Vodafone, Orange, O2 and T-Mobile have announced their intention to launch NFC mobile payment services in the UK by 2012. Near-field communications (NFC) has been building a head of steam in recent months, with the likes of Google, RIM and Visa announcing their support.
Apple’s recent hiring of NFC expert Benjamin Vigier has sparked rumours of NFC capability in the next iPhone; with operators fighting a seemingly losing battle on the app store front, it looks like handbags are set to be drawn in the race to the consumer’s pocket at the corner shop.
In a move that Apple fans are likely to interpret as confirmation of Cupertino’s NFC intentions, the GSMA issued a statement on Monday in which it committed itself to the launch of commercial NFC services “in select markets” by 2012. The GSMA has called for standardisation and interoperability in the interests of preventing market fragmentation, but for many operators, NFC is something of a last-chance saloon in terms of getting a share of the e-commerce applications market currently dominated by likes of Apple and Google. By tying transaction security closely to the SIM, operators can inveigle themselves between customer and service in a way that pays off.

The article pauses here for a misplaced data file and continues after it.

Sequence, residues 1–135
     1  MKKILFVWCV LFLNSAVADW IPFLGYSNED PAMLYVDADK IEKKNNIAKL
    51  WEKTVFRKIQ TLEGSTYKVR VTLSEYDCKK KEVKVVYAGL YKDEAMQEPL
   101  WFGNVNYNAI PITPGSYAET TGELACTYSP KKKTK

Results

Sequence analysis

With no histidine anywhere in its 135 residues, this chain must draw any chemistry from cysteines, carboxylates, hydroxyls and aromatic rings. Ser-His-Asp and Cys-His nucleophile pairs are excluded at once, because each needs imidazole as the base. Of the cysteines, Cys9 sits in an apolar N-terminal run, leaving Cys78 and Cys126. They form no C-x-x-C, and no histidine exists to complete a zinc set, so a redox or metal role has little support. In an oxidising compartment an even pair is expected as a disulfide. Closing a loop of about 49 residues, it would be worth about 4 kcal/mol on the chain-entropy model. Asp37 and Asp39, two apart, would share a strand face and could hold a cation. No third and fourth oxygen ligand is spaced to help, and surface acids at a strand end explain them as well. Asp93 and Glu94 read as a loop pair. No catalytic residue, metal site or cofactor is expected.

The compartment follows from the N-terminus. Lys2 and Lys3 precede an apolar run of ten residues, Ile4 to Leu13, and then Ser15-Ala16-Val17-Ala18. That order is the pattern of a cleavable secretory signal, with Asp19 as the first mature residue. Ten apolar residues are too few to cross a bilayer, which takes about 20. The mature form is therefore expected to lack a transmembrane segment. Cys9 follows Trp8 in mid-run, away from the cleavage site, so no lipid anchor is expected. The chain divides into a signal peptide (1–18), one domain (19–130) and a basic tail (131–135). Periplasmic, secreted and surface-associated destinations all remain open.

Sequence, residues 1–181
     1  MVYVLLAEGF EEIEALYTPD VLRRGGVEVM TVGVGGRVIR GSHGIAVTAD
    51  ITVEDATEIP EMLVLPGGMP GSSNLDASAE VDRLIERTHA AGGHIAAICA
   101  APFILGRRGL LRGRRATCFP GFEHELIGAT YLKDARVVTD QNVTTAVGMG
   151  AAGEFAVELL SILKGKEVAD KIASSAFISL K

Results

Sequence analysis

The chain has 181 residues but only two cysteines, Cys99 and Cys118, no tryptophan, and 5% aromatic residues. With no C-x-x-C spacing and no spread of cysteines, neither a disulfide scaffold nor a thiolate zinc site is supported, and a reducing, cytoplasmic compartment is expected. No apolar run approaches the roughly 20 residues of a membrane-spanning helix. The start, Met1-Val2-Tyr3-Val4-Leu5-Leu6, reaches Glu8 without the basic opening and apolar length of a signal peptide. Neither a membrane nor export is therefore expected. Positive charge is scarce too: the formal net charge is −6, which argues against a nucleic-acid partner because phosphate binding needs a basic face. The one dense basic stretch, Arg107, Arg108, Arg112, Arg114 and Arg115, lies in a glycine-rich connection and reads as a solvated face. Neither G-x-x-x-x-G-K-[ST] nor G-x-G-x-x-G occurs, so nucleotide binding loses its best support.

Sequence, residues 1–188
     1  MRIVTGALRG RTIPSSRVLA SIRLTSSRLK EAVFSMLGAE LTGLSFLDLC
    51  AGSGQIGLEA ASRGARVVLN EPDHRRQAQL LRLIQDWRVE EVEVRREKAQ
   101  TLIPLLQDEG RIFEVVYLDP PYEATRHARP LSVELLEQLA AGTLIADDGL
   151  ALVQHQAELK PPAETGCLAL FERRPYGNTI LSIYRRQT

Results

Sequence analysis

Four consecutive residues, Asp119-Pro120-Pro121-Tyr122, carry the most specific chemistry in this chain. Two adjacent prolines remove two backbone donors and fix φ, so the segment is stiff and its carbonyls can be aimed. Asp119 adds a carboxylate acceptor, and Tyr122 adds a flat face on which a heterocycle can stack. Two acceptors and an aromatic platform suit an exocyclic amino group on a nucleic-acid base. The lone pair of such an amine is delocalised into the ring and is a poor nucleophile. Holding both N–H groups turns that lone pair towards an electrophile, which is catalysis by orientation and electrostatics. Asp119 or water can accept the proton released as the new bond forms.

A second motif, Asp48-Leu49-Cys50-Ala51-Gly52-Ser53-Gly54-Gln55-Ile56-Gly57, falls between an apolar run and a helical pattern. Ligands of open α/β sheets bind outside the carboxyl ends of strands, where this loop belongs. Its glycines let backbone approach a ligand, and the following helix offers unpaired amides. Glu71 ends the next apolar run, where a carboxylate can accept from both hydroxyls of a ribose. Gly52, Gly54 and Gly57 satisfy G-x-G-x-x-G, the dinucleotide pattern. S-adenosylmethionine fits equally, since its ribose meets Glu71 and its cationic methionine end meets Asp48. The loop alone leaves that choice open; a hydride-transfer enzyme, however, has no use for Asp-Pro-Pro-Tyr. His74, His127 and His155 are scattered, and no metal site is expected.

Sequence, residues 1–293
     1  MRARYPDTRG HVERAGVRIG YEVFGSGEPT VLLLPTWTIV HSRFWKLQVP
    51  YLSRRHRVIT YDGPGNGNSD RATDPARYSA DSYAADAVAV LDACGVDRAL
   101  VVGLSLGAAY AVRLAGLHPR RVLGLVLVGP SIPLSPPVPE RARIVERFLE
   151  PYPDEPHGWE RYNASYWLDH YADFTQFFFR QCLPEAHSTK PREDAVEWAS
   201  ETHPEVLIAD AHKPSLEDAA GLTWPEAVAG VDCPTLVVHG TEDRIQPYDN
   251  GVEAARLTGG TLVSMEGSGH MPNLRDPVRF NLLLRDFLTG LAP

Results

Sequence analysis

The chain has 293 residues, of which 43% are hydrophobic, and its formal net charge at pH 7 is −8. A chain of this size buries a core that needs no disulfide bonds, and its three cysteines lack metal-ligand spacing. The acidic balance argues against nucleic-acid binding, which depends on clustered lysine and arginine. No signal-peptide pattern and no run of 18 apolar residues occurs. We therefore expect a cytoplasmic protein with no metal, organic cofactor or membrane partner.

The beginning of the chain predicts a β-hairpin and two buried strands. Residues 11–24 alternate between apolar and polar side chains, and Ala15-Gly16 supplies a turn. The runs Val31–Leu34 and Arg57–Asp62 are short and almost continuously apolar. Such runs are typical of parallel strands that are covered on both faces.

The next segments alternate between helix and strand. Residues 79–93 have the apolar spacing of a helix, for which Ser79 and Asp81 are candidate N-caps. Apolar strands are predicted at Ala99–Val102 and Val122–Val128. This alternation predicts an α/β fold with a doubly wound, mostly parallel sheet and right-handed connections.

In recent times, the operators themselves have been viewed as the key obstacle to NFC deployment, but this looks set to change, presumably thanks to a market valued by Frost & Sullivan recently at more €100bn by 2015. As Deutsche Telekom CTO Ed Kozel told Bloomberg on Saturday: “Google’s massive but it does not have a billing relationship with 99 percent of its customers. That’s our opportunity.”
Former Google CEO Eric Schmidt disagrees about his firm’s role, but shares Kozel’s enthusiasm for the sector. At the Mobile World Congress on February 15th last, he described mobile payments as a “mega-scale opportunity for us.”
Will regulators ever be able to catch up with the rate of change in the telco/tech industry?
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